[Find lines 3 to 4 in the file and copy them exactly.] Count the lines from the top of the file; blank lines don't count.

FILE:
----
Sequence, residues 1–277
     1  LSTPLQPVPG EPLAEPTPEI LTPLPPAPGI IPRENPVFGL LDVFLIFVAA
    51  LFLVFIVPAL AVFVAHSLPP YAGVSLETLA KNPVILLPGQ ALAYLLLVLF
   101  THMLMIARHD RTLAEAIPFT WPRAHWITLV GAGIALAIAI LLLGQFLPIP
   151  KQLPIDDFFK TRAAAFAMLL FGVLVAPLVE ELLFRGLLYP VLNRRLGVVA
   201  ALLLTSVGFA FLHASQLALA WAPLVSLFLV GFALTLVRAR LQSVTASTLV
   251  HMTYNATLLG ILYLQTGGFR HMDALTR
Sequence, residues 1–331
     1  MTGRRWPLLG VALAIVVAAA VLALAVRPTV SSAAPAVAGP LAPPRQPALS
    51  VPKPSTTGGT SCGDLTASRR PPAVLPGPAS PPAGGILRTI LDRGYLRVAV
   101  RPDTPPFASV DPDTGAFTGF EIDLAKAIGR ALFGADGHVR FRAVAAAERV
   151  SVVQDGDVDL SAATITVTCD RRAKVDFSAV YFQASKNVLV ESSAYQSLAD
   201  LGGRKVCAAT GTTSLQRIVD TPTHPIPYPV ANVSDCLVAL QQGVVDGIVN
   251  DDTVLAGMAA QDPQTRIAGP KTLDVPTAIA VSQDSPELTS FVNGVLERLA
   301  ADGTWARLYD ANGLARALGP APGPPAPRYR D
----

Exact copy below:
    51  LFLVFIVPAL AVFVAHSLPP YAGVSLETLA KNPVILLPGQ ALAYLLLVLF
   101  THMLMIARHD RTLAEAIPFT WPRAHWITLV GAGIALAIAI LLLGQFLPIP